Photo courtesy of The Conversation.

By Samantha Milowitz || Op-Eds Editor

With the COVID vaccine becoming readily available to people across the United States, it’s important to know the facts. While I am not a doctor, nurse, or a medical professional in any way, I too like to know what I am putting into my body, so I have assembled this list of common questions about the vaccines available and have researched the answers for you all. My goal here is to help explain misconceptions and facts about the COVID vaccines that even I can understand. In doing so, I hope to give people more reassurance about getting the vaccine. 

1. What are the two vaccines available now?

​​​​Pfizer-BioNTech COVID-19 and Moderna’s COVID-19 are the two vaccines readily available that have already begun to be distributed across the United States. According to the CDC website, there are also three other vaccines in phase three of four clinical trials, meaning they too could be approved for use in the coming months. 

Pfizer-BioNTech is the one we might have heard about needing to be in a very cold environment, specifically between two to eight degrees celsius (it’s also the one I never know how to pronounce). This vaccine is recommended for people ages 16 and older and is administered through a shot in the muscle of the upper arm. According to the clinical trials, Pfizer is 95% effective at preventing contraction of the COVID-19 virus.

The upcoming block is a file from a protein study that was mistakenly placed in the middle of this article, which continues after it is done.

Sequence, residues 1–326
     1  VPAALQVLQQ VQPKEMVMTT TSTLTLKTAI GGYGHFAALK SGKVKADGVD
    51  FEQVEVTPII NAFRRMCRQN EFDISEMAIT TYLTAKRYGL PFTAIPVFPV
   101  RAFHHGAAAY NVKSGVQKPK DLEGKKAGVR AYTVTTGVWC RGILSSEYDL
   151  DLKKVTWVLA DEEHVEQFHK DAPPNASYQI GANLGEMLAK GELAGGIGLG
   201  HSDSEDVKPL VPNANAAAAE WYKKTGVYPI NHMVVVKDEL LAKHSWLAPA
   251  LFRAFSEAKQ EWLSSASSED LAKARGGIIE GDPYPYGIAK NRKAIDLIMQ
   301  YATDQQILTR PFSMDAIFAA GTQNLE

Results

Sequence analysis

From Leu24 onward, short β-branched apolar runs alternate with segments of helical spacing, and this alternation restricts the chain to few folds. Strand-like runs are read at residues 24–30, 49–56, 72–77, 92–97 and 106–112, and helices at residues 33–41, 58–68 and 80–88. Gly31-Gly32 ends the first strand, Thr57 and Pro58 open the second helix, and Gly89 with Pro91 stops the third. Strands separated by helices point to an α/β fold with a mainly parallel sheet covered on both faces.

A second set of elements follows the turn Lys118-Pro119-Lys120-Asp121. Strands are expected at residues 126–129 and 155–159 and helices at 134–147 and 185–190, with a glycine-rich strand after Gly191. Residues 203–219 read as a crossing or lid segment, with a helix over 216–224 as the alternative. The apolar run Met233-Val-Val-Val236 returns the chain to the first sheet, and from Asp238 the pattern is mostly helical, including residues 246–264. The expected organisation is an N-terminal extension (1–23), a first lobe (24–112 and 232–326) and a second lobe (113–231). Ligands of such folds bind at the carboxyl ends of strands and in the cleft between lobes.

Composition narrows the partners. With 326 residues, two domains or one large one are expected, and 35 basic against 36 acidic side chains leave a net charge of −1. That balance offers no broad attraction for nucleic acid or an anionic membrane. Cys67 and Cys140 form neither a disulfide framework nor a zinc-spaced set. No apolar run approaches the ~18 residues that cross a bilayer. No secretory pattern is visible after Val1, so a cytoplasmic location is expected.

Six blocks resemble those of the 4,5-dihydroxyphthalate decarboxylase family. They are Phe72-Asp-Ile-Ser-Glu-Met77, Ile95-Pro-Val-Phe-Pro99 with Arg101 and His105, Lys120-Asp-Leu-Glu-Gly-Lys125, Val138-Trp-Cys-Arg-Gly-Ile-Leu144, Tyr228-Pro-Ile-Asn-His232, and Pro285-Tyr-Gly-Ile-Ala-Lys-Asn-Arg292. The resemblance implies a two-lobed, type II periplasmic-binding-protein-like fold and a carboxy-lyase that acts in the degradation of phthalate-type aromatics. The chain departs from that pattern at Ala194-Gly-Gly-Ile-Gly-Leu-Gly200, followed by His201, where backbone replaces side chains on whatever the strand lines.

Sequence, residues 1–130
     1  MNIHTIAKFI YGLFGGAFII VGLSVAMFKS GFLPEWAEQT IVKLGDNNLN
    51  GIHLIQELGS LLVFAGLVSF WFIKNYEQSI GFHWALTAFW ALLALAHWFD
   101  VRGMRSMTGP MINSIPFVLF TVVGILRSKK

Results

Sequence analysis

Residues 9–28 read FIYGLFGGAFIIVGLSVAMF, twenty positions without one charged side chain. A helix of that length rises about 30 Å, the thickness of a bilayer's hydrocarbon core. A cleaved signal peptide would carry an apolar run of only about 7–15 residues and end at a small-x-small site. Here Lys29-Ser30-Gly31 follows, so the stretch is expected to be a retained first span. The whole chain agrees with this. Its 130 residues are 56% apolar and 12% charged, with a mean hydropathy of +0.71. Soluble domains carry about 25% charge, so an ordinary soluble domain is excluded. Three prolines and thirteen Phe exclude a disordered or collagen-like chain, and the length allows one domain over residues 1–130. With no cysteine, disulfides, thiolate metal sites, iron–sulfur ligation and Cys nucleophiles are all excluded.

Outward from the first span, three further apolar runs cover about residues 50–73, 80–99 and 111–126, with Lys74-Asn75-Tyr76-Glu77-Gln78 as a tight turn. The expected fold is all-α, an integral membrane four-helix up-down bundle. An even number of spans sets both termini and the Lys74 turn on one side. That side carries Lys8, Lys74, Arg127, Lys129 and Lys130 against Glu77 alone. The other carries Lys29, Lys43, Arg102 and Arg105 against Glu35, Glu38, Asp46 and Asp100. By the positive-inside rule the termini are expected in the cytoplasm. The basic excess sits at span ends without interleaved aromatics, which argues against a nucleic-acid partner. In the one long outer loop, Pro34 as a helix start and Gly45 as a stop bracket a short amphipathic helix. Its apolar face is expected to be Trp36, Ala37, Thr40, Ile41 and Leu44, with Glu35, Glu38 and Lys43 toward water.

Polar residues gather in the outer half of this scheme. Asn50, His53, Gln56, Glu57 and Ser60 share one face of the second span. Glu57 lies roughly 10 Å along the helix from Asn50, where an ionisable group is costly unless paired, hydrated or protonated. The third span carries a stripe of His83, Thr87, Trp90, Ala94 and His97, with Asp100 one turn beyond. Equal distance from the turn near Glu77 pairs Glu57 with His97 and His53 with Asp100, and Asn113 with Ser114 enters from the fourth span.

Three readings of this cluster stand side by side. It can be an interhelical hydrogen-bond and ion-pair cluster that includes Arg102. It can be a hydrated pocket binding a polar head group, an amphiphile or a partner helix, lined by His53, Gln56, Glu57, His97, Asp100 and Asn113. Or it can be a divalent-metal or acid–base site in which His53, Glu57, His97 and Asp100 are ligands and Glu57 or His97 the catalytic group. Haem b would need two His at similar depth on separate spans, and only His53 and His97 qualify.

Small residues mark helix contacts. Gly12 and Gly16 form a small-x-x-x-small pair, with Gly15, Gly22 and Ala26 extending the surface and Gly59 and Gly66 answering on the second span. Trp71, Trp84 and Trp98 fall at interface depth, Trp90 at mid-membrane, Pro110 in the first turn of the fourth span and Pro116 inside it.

Moderna is recommended for people ages eighteen and older. It is also administered through a shot in the muscle of the upper arm. According to clinical trials, Moderna is 94.1% effective at preventing COVID-19 illness

2. How do Pfizer and Moderna work to combat COVID? 

Both of these vaccines are mRNA vaccines. Now, what does this mean? According to Chief Medical Advisor to the president Dr. Fauci, mRNA “contains virus genetic information” that “instructs cells how to make antibodies,” which we need to combat illnesses of all kinds. These mRNA vaccines are able to leave a kind of code that teaches the body how to fight off COVID-19. 

If you want to learn more about how mRNA vaccines work, I recommend watching this video from the YouTube channel “Simply Explained”:

3. Do the vaccines give a person COVID? 

No. Since these are mRNA vaccines, they do not contain the actual virus within the vaccine. As you will see if you watch the video I attached above, the mRNA COVID vaccines are designed to only make the “spikes” on the virus, not the virus itself. This means that your body is only receiving a part of the virus so that it can recognize it when it comes into your body, not the whole thing which would make you sick. Other vaccines like the flu vaccine, do give you a portion of the virus.